Writing from a childhood vision, in his The Underground Railroad book, Colson Whitehead gives a concise explanation of what he thought an underground railroad was as a child. Precisely, in his own childhood understanding, Whitehead imagined that the Underground Railroad was a subway that was beneath the earth and one which was used by the slaves to ride to freedom. However, upon growing up, he went back to his initial childhood vision and authored his book The Underground Railroad, which touches on the historical slave stories and described the railroad as a secret network of passageways and safe houses that were essentially used by slaves in the South to reach the free North. This being said, this essay seeks to discuss the paradigms of freedom with reference to the practices, conventions as well as the institutions through which freedom is fought for, given from Whiteman’s perspective.
The Underground Railroad: From Slavery to Freedom
Firstly, as portrayed in his book, Whitehead described the freedom that was achieved by the slaves as one that is beyond the predetermined bounds. In this regard, Whitehead seeks to generalize as well as enhance the keynotes of the modern discourse of freedom. Throughout the book, the main protagonist of the story, Cora, exemplifies a myriad of ways through which the blacks, against all the odds, fought for their freedom which had too often been stolen by the whites. Besides, Whitehead points out that people often perceive the idea of liberty wrongly. For this reason, he attempts at getting things right not by telling his readers what they already know about freedom but through vindicating the powers of fiction as an interpretation of the world and how it perceives the paradigms of freedom.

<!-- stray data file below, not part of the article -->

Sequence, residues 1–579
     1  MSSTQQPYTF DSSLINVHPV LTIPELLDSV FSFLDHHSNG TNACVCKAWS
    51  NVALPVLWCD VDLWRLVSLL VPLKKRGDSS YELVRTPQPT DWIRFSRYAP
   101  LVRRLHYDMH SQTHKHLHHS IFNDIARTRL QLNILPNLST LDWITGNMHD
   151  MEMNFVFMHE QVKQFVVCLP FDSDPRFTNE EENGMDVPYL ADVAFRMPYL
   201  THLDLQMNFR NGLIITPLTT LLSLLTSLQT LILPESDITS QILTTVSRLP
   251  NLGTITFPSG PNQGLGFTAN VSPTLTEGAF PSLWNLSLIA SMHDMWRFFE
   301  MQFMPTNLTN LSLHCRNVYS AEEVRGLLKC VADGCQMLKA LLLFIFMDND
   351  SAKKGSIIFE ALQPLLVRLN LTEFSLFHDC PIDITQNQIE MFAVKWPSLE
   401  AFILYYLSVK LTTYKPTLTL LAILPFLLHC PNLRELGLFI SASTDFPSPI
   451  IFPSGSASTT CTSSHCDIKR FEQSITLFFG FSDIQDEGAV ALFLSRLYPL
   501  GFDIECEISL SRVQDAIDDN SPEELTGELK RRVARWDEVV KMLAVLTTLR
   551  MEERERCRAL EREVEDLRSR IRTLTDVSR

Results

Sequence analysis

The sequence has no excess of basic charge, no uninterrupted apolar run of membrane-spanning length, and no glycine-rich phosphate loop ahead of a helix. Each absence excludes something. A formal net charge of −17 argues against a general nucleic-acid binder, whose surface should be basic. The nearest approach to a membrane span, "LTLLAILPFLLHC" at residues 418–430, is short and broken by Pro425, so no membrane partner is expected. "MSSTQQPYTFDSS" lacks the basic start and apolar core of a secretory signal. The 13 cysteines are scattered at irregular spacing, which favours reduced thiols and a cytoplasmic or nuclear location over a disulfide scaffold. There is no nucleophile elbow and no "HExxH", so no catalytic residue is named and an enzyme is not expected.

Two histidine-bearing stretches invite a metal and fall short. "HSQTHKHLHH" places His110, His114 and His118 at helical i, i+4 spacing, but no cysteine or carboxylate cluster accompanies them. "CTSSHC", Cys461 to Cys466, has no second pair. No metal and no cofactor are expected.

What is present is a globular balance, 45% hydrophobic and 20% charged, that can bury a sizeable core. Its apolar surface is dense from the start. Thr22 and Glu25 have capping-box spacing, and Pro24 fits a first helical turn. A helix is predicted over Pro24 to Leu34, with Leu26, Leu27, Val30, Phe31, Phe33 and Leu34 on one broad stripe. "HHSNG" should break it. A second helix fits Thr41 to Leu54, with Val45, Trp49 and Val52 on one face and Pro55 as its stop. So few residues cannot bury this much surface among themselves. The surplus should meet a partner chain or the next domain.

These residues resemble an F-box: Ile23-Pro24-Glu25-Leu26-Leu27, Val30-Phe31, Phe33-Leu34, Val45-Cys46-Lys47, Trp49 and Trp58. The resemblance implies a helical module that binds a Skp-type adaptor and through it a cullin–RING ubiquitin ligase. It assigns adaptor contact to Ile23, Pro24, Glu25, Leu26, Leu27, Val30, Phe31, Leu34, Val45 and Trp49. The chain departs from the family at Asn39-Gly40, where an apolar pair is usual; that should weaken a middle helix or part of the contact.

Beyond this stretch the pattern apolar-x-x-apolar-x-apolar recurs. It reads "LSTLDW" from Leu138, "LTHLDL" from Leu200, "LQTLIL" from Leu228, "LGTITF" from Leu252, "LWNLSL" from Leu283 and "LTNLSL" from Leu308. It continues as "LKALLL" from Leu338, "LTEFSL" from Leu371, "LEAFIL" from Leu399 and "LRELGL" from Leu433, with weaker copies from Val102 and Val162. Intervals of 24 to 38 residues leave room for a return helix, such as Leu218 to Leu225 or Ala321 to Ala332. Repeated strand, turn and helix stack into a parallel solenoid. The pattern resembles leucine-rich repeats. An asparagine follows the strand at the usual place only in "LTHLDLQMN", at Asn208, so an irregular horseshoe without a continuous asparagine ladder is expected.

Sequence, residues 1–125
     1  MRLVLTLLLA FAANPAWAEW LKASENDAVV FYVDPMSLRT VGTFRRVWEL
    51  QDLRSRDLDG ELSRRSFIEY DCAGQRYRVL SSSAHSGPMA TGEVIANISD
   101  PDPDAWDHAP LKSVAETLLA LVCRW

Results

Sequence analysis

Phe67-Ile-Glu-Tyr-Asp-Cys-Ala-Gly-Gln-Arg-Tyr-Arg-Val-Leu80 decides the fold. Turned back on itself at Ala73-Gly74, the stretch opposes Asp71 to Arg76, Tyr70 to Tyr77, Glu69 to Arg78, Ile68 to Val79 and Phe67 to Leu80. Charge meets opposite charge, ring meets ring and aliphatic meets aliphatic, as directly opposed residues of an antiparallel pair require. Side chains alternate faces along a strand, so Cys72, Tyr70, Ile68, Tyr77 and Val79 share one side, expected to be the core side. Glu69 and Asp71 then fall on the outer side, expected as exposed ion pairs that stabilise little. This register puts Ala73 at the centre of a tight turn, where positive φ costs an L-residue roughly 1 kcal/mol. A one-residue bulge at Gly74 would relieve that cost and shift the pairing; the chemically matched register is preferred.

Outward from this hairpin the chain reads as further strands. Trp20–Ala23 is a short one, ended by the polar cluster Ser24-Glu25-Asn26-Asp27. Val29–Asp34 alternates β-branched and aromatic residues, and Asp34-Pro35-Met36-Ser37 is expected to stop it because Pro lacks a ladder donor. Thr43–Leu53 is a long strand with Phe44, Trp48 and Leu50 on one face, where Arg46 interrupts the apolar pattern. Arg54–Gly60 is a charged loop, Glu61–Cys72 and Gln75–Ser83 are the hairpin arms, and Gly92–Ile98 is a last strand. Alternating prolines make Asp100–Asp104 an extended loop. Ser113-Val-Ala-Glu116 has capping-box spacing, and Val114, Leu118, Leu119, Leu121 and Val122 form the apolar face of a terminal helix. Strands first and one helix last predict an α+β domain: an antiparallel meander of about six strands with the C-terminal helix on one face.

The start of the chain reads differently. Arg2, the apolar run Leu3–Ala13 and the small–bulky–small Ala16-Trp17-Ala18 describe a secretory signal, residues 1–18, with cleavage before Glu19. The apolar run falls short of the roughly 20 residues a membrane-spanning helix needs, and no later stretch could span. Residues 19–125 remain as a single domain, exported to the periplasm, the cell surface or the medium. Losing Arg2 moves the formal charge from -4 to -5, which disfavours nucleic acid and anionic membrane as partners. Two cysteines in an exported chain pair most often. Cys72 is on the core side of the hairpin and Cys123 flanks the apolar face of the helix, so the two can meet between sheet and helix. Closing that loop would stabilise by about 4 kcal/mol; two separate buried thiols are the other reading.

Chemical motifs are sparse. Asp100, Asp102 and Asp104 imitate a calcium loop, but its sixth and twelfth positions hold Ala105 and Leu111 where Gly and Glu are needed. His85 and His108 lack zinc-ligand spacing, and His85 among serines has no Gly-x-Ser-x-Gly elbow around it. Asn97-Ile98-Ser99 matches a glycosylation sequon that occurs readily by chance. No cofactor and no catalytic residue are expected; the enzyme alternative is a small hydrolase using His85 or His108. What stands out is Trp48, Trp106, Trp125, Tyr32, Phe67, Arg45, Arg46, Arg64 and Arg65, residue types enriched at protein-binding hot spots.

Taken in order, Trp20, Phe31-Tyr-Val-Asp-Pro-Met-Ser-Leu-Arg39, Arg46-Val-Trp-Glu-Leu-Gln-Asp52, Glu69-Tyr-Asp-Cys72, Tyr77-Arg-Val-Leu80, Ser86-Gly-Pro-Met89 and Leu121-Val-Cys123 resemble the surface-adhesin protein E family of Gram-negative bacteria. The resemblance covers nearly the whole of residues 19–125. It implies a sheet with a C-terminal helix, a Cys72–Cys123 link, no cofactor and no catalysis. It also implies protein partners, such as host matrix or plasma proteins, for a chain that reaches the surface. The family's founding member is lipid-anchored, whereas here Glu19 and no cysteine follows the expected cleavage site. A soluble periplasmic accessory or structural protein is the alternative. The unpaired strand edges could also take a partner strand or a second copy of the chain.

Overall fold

Cora Character in the Underground Railroad
Additionally, through his articulation of the need to flee oneself, this particular book is deemed as a pre-civil war story that features the young womans, Cora, extremely burning desire to escape slavery and attain her own liberty. Based on Whitehead's account of the story, Cora’s journey from the plantation into the life she always dreamt of through the Underground Railroad system exemplifies levels of freedom, from state to state. Precisely, her journey is haunted by her mother who had managed to escape from the plantation years ago and had left Cora, all by herself in the cruel world. Based on this context, Whitehead construes freedom from a paradigm which defines it as an agonistic and a limited calling for an ongoing struggle against all the constraints. Therefore, putting Cora’s situation into consideration, there is an understanding that the idea of freeing oneself from slavery is coupled with a great appreciation of both contingency and creativity in such a case where the enslaved individuals can bring new possibilities into existence, going beyond any predefined alternatives.